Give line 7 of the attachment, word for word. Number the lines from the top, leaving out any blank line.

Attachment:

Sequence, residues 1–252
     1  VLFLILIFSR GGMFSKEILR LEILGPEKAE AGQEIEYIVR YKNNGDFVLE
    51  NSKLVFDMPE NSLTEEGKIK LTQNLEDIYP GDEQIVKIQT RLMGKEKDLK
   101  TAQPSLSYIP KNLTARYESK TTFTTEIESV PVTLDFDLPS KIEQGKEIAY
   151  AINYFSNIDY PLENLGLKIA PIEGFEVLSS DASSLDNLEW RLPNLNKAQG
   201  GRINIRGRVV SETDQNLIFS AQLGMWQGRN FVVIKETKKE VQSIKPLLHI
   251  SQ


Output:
   251  SQ